HRT


Also found in: Dictionary, Thesaurus, Acronyms, Encyclopedia, Wikipedia.

HRT

Abbreviation for hormone replacement therapy.

HRT

abbr.
hormone replacement therapy

HRT

Hormone replacement therapy, see there.

HRT

Abbreviation for hormone replacement therapy.

hormone replacement therapy

,

HRT

The administration of supplemental conjugated estrogen and progestin to treat hormonal deficiency states, relieve menopausal vasomotor symptoms, and manage postmenopausal atrophic vaginitis. It may also be used, with caution, as adjunctive therapy for osteoporosis. HRT may increase a woman’s risk of dying from heart disease, pulmonary embolism, stroke, and breast and endometrial cancers.

tomography

(to-mog'ra-fe) [ tomo- + -graphy]
A radiographic technique that selects a level in the body and blurs out structures above and below that plane, leaving a clear image of the selected anatomy. This is accomplished by moving the x-ray tube in the opposite direction from the imaging device around a stationary fulcrum defining the plane of interest. Tube movements can be linear, curvilinear, circular, elliptical, figure eight, hypocycloidal, or trispiral. With the exception of renal tomography most tomographic procedures have been replaced by computed tomography (CT). Synonym: body section radiography; body section roentgenography

computed axial tomography

Abbreviation: CAT
See: computed tomography

computed tomography

Abbreviation: CT
A computerized x-ray scanning system that produces a sectional anatomic image. It is achieved by digital processing of x-ray attenuation coefficients from a 360° wedge scan of ionizing radiation. There is considerable use of data from the attenuation coefficients in diagnosis. Computed tomography is colloquially called a cat scan.

CAUTION!

CT scans expose patients to radiation on the order of 10 mSv per scan. Educational materials about the potential risks and benefits of scanning should be provided to patients to ensure that scans are performed safely and carefully.

computerized axial tomography

Abbreviation: CAT
See: computed tomography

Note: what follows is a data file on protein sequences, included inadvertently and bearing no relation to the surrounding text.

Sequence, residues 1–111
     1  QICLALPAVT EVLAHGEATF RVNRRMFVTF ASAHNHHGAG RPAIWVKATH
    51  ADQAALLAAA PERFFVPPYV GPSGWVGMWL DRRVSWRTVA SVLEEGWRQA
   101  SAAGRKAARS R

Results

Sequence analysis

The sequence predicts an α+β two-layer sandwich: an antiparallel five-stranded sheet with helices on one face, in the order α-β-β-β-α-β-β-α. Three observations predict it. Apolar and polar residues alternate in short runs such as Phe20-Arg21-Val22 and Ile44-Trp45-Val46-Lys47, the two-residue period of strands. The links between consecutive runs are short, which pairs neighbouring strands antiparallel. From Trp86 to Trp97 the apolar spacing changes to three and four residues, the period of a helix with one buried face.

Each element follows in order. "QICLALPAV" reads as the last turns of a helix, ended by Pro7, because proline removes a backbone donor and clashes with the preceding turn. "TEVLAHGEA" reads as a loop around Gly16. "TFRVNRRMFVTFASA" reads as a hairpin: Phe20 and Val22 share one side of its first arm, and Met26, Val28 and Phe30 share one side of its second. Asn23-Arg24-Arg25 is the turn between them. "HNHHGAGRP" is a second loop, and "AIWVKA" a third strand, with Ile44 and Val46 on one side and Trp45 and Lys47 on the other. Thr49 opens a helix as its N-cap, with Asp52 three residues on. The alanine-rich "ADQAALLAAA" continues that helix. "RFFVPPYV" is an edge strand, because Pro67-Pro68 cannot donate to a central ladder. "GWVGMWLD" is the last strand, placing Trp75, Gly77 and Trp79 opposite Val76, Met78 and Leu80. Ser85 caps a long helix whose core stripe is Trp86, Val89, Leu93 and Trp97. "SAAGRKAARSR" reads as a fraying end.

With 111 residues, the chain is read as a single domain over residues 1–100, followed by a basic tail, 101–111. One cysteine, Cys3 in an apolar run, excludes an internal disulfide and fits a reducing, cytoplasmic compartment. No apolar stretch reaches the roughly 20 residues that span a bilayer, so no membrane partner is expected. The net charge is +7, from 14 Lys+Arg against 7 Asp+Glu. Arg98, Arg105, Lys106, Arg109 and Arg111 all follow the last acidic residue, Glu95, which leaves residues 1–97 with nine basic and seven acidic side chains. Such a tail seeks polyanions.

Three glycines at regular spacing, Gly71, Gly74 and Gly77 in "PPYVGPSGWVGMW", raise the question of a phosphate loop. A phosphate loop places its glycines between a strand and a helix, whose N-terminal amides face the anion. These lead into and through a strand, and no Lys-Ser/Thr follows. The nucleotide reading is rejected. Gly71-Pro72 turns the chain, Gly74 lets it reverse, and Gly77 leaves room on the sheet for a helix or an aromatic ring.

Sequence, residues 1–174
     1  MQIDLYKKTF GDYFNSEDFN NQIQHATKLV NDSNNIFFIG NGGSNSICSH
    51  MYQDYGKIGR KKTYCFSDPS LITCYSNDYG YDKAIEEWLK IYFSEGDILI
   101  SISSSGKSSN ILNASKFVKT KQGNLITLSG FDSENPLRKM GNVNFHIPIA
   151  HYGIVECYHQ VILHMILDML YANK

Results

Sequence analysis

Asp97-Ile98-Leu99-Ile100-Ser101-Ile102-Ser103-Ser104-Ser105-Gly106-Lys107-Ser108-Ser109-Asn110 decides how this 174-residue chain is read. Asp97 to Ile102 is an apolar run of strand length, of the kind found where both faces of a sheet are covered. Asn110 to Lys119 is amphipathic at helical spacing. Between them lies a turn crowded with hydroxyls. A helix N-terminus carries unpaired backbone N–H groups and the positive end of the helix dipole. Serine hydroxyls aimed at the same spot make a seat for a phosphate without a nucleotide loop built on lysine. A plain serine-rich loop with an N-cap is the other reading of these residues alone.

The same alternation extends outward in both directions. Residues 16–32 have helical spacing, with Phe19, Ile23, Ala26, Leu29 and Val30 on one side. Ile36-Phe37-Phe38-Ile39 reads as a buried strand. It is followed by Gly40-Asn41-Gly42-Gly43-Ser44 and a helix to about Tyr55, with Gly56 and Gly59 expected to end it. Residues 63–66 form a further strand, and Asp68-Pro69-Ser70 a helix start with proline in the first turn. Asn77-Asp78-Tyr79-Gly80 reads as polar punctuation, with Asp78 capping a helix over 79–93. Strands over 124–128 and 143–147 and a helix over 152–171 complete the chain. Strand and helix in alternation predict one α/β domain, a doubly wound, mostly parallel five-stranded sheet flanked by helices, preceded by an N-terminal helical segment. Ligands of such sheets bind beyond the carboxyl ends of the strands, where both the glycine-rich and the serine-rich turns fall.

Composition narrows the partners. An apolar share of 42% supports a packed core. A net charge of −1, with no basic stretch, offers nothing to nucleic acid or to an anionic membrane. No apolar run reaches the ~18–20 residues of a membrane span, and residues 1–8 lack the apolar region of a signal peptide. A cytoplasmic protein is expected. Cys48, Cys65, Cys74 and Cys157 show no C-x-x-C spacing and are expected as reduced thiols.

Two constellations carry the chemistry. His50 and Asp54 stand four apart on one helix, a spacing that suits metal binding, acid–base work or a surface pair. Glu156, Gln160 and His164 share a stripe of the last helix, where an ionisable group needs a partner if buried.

electrical impedance tomography

Cross-sectional body imaging that reconstructs pictures of internal organs based on measurements of their electrical activity as detected by electrodes placed on the surface of the body.

electron-beam tomography

Ultrafast computed tomography

full body computed tomography

Abbreviation: FBCT
An examination from head to toe of the body with computed tomographic imaging, promoted as a screening test for cancer and other illnesses.

CAUTION!

The test exposes patients to high levels of radiation, reveals more false positive findings than true positives, and is expensive.

Heidelberg retinal tomography

Abbreviation: HRT
A confocal laser scanning system that produces three-dimensional images of the posterior segment of the eye. It is used to diagnose and treat glaucoma.

helical computed tomography

Computed tomographic (CT) images that are obtained as the CT table moves continuously during a single, held breath. Detailed evaluation of dynamic internal features is feasible with this technique.
Synonym: spiral computed tomography

optical coherence tomography

Abbreviation: OCT
A radiographical method used to obtain high-resolution cross-sectional images of tissues and their defects, e.g., of the structures of the eye.

panoramic tomography

Zonography.
Enlarge picture
POSITRON EMISSION TOMOGRAPHY: PET SCAN revealing lung cancer
Enlarge picture
PET SCAN OF BRAIN

positron emission tomography

Abbreviation: PET
Reconstruction of brain sections by using positron-emitting radionuclides. By using several different radionuclides, researchers can measure regional cerebral blood flow, blood volume, oxygen uptake, and glucose transport and metabolism, and can locate neurotransmitter receptors. PET has been used with fludeoxyglucose F 18 to identify and localize regional lymph node metastases and to help assess response to therapy.

The images produced by PET are in colors that indicate the degree of metabolism or blood flow. The highest rates appear red, those lower appear yellow, then green, and the lowest rates appear blue. The images in various disease states may then be compared to those of normal subjects. Three- and four-dimensional reconstructions are often achieved through the use of computed tomography (CT) with the same machine. See: illustration